- So what is the legacy left by the Greeks of recent years?
A legacy without identity, that’s what they leave, because they found themselves in a struggle for survival and then indulged themselves in consumption. That struggle, in conjunction with rampant consumerism,dampened their aspirations.
- How do you see Cephalonia today?
It too follows the same model, gradually losing its identity. Nothing is being done and that is the fault of local society, which fails to take any initiatives and move as one in a single direction. As is the case in general, locally too there is no hierarchy, no elite. You know, when there is no leader class, not necessarily intertwined with wealth, not only Cephalonia but other regions too flounder. So people expect too much from the central government in Athens, while they themselves do very little or nothing at all. Efforts are always on an individual level and unsystematic. Having said that, a number of hotels have been created, one or two areas have been developed. Fiskardo, for instance, which has been developed but not in the way one might want, whilst Skala has been developed quite well in my opinion. But these are isolated cases. In other respects, things even appear to be regressing. For example you can’t eat well on Cephalonia; the standard ranges from medium to abominable.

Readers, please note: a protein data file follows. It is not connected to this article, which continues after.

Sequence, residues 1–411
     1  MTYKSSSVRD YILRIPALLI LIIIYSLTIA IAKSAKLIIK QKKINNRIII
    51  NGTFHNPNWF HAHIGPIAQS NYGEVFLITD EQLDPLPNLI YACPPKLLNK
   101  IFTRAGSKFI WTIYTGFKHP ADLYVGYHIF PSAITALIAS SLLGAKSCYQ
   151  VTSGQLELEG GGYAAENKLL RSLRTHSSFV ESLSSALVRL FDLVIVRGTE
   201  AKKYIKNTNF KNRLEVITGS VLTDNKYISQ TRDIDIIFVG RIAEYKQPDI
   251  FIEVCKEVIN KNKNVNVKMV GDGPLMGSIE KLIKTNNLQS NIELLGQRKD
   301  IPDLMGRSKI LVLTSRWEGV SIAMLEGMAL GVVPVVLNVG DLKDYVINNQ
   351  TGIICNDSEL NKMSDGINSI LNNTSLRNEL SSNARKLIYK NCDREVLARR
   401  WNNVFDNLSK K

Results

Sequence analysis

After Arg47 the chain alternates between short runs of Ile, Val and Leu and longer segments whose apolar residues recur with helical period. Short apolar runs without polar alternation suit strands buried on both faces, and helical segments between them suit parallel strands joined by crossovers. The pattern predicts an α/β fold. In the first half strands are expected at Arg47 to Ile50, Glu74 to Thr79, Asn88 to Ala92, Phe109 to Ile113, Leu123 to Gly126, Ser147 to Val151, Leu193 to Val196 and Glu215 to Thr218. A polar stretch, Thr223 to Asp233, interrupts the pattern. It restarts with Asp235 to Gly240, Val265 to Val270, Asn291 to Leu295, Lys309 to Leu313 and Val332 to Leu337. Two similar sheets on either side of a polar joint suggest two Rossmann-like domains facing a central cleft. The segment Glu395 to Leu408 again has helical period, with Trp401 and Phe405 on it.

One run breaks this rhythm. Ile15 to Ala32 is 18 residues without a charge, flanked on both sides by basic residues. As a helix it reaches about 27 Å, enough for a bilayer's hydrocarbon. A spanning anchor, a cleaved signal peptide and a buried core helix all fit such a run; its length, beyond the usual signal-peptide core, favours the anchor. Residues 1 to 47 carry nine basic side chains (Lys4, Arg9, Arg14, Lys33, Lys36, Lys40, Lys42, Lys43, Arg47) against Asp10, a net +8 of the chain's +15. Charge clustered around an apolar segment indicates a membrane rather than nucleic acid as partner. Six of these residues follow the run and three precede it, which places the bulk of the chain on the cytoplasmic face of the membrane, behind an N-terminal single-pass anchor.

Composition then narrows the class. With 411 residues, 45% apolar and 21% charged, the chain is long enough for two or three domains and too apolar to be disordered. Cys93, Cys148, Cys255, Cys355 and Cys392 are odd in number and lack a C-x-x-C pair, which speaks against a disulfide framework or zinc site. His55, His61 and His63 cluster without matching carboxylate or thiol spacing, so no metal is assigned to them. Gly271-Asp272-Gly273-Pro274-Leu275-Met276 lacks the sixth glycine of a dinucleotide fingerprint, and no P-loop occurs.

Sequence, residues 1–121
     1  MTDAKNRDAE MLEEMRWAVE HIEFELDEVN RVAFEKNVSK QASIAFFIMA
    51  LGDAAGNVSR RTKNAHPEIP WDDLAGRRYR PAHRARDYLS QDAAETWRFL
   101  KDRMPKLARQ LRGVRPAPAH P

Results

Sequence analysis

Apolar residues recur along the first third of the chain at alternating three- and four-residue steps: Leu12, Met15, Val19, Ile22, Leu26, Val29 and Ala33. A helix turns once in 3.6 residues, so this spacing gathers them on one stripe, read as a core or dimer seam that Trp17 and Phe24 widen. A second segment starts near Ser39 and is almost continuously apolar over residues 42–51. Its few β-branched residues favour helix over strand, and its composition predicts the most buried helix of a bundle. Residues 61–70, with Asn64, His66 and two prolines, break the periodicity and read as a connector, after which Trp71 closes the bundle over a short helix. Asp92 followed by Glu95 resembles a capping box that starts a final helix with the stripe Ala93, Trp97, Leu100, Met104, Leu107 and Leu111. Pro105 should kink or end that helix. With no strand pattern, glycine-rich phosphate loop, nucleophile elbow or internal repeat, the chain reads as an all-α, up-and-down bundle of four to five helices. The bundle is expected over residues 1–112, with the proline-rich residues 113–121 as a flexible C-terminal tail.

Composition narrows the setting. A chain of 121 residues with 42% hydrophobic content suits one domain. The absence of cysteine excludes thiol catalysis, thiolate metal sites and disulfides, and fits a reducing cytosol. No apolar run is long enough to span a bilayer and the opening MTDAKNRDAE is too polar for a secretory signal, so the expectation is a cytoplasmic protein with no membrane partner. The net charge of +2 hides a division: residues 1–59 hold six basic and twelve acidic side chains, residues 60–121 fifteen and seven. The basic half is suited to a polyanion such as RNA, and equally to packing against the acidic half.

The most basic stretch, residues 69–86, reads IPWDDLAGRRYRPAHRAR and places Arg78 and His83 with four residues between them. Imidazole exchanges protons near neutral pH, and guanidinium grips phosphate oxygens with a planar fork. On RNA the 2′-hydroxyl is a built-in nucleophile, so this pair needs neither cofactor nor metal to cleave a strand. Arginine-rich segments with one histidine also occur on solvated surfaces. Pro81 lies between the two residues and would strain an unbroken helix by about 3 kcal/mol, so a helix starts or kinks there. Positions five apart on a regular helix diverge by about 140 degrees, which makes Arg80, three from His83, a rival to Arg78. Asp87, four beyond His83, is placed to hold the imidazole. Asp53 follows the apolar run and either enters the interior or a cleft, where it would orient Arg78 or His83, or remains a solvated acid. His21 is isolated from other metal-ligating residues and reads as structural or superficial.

- So does that mean there is an opportunity for someone to enhance the island’s culinary offering?
Cephalonians appear to be preventing even their compatriots in Athens from coming and working on the island. Some places have developed thanks to the influx of people from outside the region. This is not so in the case of Cephalonia. Everything moves from within: those who are settled on the island pull all the strings. There are not even any people who originated on the island moving back. Seeing this, I realised that I should not expand on Cephalonia.